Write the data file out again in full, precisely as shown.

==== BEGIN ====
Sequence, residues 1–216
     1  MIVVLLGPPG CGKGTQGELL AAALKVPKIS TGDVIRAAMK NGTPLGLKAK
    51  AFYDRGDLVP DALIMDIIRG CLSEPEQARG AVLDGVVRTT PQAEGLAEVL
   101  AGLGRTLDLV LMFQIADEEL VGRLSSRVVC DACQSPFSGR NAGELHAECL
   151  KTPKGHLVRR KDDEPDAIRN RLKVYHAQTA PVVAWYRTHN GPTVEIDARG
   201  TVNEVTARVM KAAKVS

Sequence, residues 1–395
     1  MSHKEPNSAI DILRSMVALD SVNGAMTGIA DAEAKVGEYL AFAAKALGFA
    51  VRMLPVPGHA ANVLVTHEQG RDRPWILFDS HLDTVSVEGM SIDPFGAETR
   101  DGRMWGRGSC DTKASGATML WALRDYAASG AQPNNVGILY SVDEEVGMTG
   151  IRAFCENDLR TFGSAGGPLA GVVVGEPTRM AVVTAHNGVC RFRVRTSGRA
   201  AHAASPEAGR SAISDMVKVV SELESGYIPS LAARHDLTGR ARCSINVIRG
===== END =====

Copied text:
Sequence, residues 1–216
     1  MIVVLLGPPG CGKGTQGELL AAALKVPKIS TGDVIRAAMK NGTPLGLKAK
    51  AFYDRGDLVP DALIMDIIRG CLSEPEQARG AVLDGVVRTT PQAEGLAEVL
   101  AGLGRTLDLV LMFQIADEEL VGRLSSRVVC DACQSPFSGR NAGELHAECL
   151  KTPKGHLVRR KDDEPDAIRN RLKVYHAQTA PVVAWYRTHN GPTVEIDARG
   201  TVNEVTARVM KAAKVS

Sequence, residues 1–395
     1  MSHKEPNSAI DILRSMVALD SVNGAMTGIA DAEAKVGEYL AFAAKALGFA
    51  VRMLPVPGHA ANVLVTHEQG RDRPWILFDS HLDTVSVEGM SIDPFGAETR
   101  DGRMWGRGSC DTKASGATML WALRDYAASG AQPNNVGILY SVDEEVGMTG
   151  IRAFCENDLR TFGSAGGPLA GVVVGEPTRM AVVTAHNGVC RFRVRTSGRA
   201  AHAASPEAGR SAISDMVKVV SELESGYIPS LAARHDLTGR ARCSINVIRG